Morrow County Courthouse (Ohio)

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Morrow County Courthouse And Jail
Front and eastern side
Morrow County Courthouse (Ohio) is located in Ohio
Morrow County Courthouse (Ohio)
Location Courthouse Sq., Mount Gilead, Ohio
Coordinates 40°32′57″N 82°49′37″W / 40.54917°N 82.82694°W / 40.54917; -82.82694Coordinates: 40°32′57″N 82°49′37″W / 40.54917°N 82.82694°W / 40.54917; -82.82694
Area 2 acres (0.81 ha)
Built 1852 (1852)
Architect David Auld; Auld & Miller
Architectural style Greek Revival
Governing body Local
NRHP Reference # 74001586[1]
Added to NRHP July 25, 1974

The Morrow County Courthouse is a historic government building in the village of Mount Gilead, Ohio, United States. Constructed in the middle of the nineteenth century, it has served as the county courthouse since Morrow County's earliest years, and it has been named a historic site.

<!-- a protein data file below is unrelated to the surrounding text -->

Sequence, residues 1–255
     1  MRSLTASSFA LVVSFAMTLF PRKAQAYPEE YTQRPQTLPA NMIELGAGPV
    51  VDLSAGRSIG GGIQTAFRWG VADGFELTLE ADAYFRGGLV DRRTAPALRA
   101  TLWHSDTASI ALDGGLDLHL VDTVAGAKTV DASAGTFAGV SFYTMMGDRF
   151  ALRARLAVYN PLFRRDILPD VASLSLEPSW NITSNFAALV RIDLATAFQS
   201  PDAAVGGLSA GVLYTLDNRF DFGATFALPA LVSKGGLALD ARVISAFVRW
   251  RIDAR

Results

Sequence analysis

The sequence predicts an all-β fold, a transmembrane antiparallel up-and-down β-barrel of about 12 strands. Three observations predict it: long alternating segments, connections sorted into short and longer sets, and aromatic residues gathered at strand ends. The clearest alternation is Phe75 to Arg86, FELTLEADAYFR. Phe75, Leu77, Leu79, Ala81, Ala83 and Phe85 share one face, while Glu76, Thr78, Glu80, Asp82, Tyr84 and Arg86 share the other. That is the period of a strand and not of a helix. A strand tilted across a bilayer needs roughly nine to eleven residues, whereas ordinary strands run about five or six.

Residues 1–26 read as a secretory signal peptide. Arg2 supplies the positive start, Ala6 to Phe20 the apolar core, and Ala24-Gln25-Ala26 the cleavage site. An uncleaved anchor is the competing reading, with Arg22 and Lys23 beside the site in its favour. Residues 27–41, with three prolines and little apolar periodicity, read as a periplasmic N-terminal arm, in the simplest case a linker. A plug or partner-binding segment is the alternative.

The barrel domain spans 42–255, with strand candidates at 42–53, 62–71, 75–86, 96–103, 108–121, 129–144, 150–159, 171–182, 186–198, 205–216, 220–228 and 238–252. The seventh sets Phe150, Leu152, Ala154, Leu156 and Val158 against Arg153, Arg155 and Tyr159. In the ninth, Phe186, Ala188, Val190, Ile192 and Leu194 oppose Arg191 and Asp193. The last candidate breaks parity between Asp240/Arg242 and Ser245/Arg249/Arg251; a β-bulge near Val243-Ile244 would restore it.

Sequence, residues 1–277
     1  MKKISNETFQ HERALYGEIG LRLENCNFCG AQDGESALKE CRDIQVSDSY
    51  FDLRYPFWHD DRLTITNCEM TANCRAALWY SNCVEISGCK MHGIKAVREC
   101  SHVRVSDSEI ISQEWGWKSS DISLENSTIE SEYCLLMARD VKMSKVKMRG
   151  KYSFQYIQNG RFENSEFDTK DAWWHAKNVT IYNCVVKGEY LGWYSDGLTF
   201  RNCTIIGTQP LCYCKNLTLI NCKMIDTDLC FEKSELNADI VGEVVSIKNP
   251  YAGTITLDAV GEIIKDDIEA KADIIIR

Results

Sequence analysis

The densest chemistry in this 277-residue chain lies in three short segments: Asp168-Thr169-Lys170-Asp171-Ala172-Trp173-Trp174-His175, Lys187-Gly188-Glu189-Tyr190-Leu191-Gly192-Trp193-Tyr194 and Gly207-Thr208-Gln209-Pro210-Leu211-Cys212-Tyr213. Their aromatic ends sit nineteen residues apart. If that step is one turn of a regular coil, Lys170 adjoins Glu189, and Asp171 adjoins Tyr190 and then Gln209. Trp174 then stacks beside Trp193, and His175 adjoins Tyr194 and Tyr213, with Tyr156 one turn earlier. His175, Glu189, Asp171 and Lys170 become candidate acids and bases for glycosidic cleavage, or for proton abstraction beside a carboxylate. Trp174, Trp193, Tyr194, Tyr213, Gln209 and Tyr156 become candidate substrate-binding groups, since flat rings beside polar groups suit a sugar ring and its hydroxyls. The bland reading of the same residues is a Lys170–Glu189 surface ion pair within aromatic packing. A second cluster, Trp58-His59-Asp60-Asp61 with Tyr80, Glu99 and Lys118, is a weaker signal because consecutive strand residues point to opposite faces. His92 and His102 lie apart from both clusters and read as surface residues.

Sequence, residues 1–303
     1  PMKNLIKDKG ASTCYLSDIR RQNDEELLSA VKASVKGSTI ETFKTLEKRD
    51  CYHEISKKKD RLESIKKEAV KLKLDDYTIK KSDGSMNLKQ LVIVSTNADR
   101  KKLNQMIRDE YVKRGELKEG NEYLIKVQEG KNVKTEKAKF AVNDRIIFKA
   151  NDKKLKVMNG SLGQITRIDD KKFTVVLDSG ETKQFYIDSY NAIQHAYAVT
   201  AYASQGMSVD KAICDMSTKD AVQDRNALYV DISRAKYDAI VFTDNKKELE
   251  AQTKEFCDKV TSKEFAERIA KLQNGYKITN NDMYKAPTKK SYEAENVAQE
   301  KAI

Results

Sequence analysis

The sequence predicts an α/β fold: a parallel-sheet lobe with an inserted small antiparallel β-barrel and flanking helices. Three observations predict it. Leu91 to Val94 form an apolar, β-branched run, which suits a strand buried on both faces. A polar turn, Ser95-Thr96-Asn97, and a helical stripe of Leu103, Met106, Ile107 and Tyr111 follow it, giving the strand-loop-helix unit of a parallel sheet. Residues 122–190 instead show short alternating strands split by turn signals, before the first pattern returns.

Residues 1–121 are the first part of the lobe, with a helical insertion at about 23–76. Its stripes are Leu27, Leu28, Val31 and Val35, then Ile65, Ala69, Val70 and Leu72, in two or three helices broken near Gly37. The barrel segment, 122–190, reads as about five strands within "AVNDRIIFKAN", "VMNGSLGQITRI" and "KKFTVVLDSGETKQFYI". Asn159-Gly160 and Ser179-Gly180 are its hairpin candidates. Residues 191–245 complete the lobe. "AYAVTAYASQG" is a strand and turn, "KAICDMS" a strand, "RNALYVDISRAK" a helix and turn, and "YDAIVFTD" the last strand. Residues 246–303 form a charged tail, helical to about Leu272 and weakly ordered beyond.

One of Ohio's youngest counties, Morrow County was organized in 1848 to relieve local residents: its land had previously been part of five different counties, and the residents experienced substantial difficulty in participating in county government because the distance to all five county seats was excessive.[2]:33 Incorporated in 1839,[3]:303 Mount Gilead has been the county seat for Morrow County since its formation.[2]:33 Foreseeing the possibility that a new county would be created, the inhabitants improved their village's public spaces in the late 1840s.[3]:303 Accordingly, the county courts and county commissioners undertook their business in the village, fulfilling their duties in assorted buildings because of the lack of a dedicated courthouse:[2]:33 the law that organized the county provided that $7,000 (then a large sum) must be donated by private citizens or that two years must pass without the donation of $7,000 before county officials might levy taxes for the erection of a courthouse and jail.[4]:69 Most county offices were located in a long two-story frame house, which stood on the two lots where the courthouse now stands, although the county courts met in the Baptist Church.[4]:99 By mid-1849, the necessary funds had been raised, and on 7 July 1849 the county commissioners began advertising for bids for a jail building, which was completed somewhat more than a year later. More than two years passed before the commissioners were ready to construct a courthouse: they began advertising for bids in March 1852, and the project was officially completed on 15 July 1854.[3]:217-218 In its early years, the courthouse served a wide variety of community purposes: for example, the county's first medical association was formed at the courthouse in 1850,[3]:235 the Universalist church worshipped in the courtroom until 1861,[4]:278 and the village spelling bee was held at the courthouse in the 1870s.[3]:817